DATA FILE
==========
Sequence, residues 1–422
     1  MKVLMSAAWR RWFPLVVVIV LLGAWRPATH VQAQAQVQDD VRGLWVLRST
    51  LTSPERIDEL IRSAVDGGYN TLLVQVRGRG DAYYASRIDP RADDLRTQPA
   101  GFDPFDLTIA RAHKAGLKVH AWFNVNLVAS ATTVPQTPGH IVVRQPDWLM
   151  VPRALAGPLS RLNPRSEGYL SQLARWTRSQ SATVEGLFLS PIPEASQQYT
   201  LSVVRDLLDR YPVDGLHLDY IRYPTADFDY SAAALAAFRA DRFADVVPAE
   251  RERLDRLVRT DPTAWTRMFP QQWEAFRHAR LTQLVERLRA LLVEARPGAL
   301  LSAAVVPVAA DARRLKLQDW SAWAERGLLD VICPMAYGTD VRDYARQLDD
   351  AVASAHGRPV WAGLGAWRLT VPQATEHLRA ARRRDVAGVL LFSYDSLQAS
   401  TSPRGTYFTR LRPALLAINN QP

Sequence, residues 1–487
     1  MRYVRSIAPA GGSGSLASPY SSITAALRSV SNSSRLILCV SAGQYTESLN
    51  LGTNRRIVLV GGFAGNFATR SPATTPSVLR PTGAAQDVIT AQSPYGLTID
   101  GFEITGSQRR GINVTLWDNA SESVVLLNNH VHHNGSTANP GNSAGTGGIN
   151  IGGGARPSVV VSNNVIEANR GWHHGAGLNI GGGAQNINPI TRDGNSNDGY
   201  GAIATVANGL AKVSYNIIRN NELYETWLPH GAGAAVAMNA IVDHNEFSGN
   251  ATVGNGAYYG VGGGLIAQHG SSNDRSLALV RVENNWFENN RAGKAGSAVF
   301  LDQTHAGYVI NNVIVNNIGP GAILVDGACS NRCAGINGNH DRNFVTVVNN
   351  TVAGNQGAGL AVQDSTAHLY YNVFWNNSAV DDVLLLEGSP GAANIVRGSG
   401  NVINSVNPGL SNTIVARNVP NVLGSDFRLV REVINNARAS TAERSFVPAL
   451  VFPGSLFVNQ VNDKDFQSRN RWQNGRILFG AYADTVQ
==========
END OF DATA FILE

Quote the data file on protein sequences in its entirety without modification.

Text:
Sequence, residues 1–422
     1  MKVLMSAAWR RWFPLVVVIV LLGAWRPATH VQAQAQVQDD VRGLWVLRST
    51  LTSPERIDEL IRSAVDGGYN TLLVQVRGRG DAYYASRIDP RADDLRTQPA
   101  GFDPFDLTIA RAHKAGLKVH AWFNVNLVAS ATTVPQTPGH IVVRQPDWLM
   151  VPRALAGPLS RLNPRSEGYL SQLARWTRSQ SATVEGLFLS PIPEASQQYT
   201  LSVVRDLLDR YPVDGLHLDY IRYPTADFDY SAAALAAFRA DRFADVVPAE
   251  RERLDRLVRT DPTAWTRMFP QQWEAFRHAR LTQLVERLRA LLVEARPGAL
   301  LSAAVVPVAA DARRLKLQDW SAWAERGLLD VICPMAYGTD VRDYARQLDD
   351  AVASAHGRPV WAGLGAWRLT VPQATEHLRA ARRRDVAGVL LFSYDSLQAS
   401  TSPRGTYFTR LRPALLAINN QP

Sequence, residues 1–487
     1  MRYVRSIAPA GGSGSLASPY SSITAALRSV SNSSRLILCV SAGQYTESLN
    51  LGTNRRIVLV GGFAGNFATR SPATTPSVLR PTGAAQDVIT AQSPYGLTID
   101  GFEITGSQRR GINVTLWDNA SESVVLLNNH VHHNGSTANP GNSAGTGGIN
   151  IGGGARPSVV VSNNVIEANR GWHHGAGLNI GGGAQNINPI TRDGNSNDGY
   201  GAIATVANGL AKVSYNIIRN NELYETWLPH GAGAAVAMNA IVDHNEFSGN
   251  ATVGNGAYYG VGGGLIAQHG SSNDRSLALV RVENNWFENN RAGKAGSAVF
   301  LDQTHAGYVI NNVIVNNIGP GAILVDGACS NRCAGINGNH DRNFVTVVNN
   351  TVAGNQGAGL AVQDSTAHLY YNVFWNNSAV DDVLLLEGSP GAANIVRGSG
   401  NVINSVNPGL SNTIVARNVP NVLGSDFRLV REVINNARAS TAERSFVPAL
   451  VFPGSLFVNQ VNDKDFQSRN RWQNGRILFG AYADTVQ